U.S. Markets close in 6 hrs 24 mins

Herbal remedies for cancer could do more harm than good

Laura Donnelly
Alternative treatments could do more harm than good – but activities such as acupuncture may help to manage the stress caused by illness - Getty Images Contributor

Herbal remedies for cancer patients could do more harm than good, a leading surgeon has warned. 

Patients have been urged to avoid the products amid concerns that growing numbers are turning to complementary medicines without telling their doctors, in an attempt to treat cancer that had spread to the skin. 

Experts warned that such therapies can interfere with chemotherapy, hormone therapy and delay wound healing. 

Speaking at the Advanced Breast Cancer conference in Lisbon, Professor Maria Joao Cardoso, head breast surgeon at the Champalimaud Cancer Centre in Portugal, said doctors often had no idea their patients were using such remedies.

One in five cases of breast cancer spreads to the skin, which can cause painful and disfiguring lesions. 

But Prof Cardaso said there was “nil” evidence to support the use of herbal treatments to treat them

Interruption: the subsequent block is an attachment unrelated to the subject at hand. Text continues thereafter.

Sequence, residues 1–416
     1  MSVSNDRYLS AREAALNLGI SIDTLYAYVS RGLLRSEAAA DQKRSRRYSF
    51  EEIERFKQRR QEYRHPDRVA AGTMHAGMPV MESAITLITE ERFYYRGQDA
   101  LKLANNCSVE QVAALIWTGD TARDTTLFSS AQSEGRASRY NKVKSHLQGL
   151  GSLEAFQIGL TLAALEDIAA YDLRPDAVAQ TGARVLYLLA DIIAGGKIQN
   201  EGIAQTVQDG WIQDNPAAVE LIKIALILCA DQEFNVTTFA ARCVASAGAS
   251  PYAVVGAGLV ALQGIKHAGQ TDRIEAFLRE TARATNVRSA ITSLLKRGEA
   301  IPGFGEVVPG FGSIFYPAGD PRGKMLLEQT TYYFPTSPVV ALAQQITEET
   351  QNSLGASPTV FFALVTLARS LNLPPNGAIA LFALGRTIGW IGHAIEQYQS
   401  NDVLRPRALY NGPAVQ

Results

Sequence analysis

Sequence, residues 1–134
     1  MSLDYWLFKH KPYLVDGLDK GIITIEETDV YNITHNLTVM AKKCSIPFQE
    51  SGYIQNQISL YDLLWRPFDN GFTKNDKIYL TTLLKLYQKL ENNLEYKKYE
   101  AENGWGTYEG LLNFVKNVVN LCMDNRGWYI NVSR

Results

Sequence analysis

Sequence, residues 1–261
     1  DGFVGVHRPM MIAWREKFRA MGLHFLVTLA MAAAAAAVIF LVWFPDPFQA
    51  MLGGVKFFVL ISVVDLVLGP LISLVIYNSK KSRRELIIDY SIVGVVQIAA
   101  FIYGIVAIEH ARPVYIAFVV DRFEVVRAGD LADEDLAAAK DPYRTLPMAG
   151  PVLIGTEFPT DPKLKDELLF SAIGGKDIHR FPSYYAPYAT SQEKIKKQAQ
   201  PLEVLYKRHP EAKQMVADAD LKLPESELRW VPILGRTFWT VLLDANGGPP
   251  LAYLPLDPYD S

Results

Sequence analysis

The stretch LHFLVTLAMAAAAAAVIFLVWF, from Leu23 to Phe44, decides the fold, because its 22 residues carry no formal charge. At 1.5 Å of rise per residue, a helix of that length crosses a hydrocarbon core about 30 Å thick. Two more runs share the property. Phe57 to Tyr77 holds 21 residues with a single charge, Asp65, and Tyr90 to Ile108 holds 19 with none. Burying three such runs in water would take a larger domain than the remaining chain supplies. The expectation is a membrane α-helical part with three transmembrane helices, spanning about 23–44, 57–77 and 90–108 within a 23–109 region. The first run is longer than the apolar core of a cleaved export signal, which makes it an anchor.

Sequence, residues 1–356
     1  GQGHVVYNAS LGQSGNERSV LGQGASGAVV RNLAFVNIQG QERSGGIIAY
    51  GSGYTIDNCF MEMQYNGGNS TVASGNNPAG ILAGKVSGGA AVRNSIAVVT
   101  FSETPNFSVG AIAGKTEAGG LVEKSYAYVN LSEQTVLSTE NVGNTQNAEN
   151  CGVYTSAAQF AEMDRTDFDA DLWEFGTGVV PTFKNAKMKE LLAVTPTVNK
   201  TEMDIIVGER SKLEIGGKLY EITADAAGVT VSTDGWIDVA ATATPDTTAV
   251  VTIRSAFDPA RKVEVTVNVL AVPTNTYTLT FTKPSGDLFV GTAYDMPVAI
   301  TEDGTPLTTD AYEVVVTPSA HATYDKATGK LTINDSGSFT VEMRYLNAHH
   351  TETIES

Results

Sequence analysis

Such remedies can stop the blood from clotting properly and worsen scarring.

Garlic, ginger, turmeric and ginseng are all natural ingredients that adversely affect clotting, she said.

“It’s very important that patients always check with their doctors first before trying complementary treatments for cancer that has spread to the skin,” she said.

“Many patients do not check and do not tell their doctors that they are using complementary therapies.

“There are many of these therapies, especially herbal products and topical creams, that can have a negative impact in cancer treatment. Many compounds are complex and some ingredients can delay healing and interfere with the efficacy of ongoing systemic treatments. Laboratory studies have shown that certain products can reduce the blood clotting process required for a wound to heal.”

She said patients often sought alternative medicines hoping it could help to treat painful or disfiguring lesions.  

“It’s not surprising that patients and their carers search for complementary or alternative treatments that might make a difference. But they could end up doing more harm than good,” she said. 

Activities such as yoga, acupuncture and Reiki may help patients manage their stress, she added.

Dr Larry Norton, an oncologist from Memorial Sloan Kettering Cancer Center said that the internet meant cancer patients were likely to access unreliable information about complementary medicines.

He said: “Patients need to recognise that all opinions are not equal and there is still a vital role for experts, which includes the patient’s personal care team. Only trained, qualified, and experienced clinicians can give patients all the information and judgment they need to make decisions that are right for them.”